Image of Satori
Release Date: 
January 23, 2012
Grand Central Publishing
Reviewed by: 

Few thriller authors have attained the cult status of the late Trevanian. This in spite of the fact he published only three true thrillers, two being thinly disguised genre spoofs, The Eiger Sanction and The Loo Sanction featuring Jonathan Hemlock, and the third, Shibumi. His seminal work introduced the world to Nicholai Hel, a masterful assassin and near mythic figure that Trevanian never brought back to the page after introducing him in 1979. When the author died in 2005, it seemed his greatest creation would die with him—until now, as Don Winslow masterfully reintroduces and reinvents Hel in the prequel, Satori.

That’s an incredible feat in its own right, since at first thought Winslow’s bold, rhythmic style so beautifully on his display in his last two efforts (The Gentleman’s Hour and Savages) would seem a poor match for Trevanian’s more staid, angular prose. But Mr. Winslow doesn’t just channel Trevanian, he essentially becomes him, matching his style, cadence, and tone to a perfect T.

Shibumi was brilliant yet flawed, layered with stodgy passages of internal monologue and long philosophical diatribes on the search for meaning in life. In taking Hel back to his roots and first work as an assassin, Satori suffers from no such minutia as Hel swiftly reaches China and sets his sights on a Russian target with whom he enjoys an especially sordid past that includes the deaths of Hel’s adopted Japanese parents.

“Just last night,” Hel reflects early on, “I killed two men here and now there is not a trace, as if it never happened. . . . In killing these men I died myself; in my surviving they live in me. I fulfilled their karma, and they mine. It will be the same with Voroshenin.”

Years before Hel had actually killed his own surrogate father to save him the ignobility of hanging at the villainous Voroshenin’s hands. He then spent three years as a prisoner of the equally fiendish CIA, until being offered an opportunity to gain his vengeance on the Russian while serving his captors’ interests at the same time. So off to China he went in the guise of an arms dealer to gain access to his intended victim.

Structurally, it’s here that Satori bears its greatest likeness to Shibumi, in which Hel was drawn out of retirement by the coincidental murder of his niece. For Trevanian, as well as Mr. Winslow, the personal trumps all. And the assassination sequence set in a Beijing of 1951 at the height of the Cold War forms a brilliant set piece in which Hel’s status as a master in hoda korosu (“the naked kill) and Winslow’s talents as a writer are equally on display.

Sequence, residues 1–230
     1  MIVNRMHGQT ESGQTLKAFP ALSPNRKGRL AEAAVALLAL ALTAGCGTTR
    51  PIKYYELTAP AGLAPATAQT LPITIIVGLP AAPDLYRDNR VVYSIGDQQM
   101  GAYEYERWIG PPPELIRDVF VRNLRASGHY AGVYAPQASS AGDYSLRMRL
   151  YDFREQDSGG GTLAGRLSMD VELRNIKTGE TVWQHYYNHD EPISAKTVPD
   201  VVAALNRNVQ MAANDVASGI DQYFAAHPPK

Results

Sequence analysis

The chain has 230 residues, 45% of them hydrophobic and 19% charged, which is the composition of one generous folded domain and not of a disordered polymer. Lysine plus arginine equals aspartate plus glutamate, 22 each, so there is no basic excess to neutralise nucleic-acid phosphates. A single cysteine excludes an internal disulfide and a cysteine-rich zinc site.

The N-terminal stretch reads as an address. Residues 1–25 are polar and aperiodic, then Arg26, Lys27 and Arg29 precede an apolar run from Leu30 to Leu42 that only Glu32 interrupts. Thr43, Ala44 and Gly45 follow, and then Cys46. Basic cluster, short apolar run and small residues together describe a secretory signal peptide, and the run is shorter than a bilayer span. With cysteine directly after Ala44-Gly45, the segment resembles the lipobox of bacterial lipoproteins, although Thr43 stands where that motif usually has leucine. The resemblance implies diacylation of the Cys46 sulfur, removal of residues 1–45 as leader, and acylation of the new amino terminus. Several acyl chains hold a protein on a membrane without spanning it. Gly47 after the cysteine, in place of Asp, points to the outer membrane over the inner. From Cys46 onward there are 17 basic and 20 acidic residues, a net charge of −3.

Like the older Hel, the younger approaches his work with a Zen-like detachment. First comes a lengthy recovery from plastic surgery to repair the damage done by the same CIA outliers for whom he is now working. Then, once in China, he runs afoul of the especially brutal head of the Chinese secret police and finds, not surprisingly, that those be-hind his assignation are cloaked in their own shadows and subterfuge.

Watching Hel lay waste to the men who’ve betrayed him makes for great fun every bit the equal of the older Hel’s comparable efforts in Shibumi. His character may well have given birth to loner heroes across the board from Jason Bourne to Jack Reacher. Gunfighters essentially who can’t hang up their holsters—no matter how hard they try. Like them, Hel only wants peace, in this case a spiritual harmony known as Satori. The tragedy and the beauty of the tale lie in the fact he will never truly find it because his old world won’t let him.

Mr. Winslow, on the other hand, builds an entirely new world by tempering his more typical ribald zaniness in favor of smooth and unstilted language that fits this story perfectly. As a result, in the rarified world of characters outliving their creators, Satori is certain to please even the most ardent of the Trevanian faithful.

Reinventing a near iconic character is a difficult task indeed, but it’s one that Mr. Winslow embraces with a skill and aplomb befitting the pro that he is. Our iconic character here is like a chameleon: comfortable in a variety of skins and looking equally good dressed in any of them.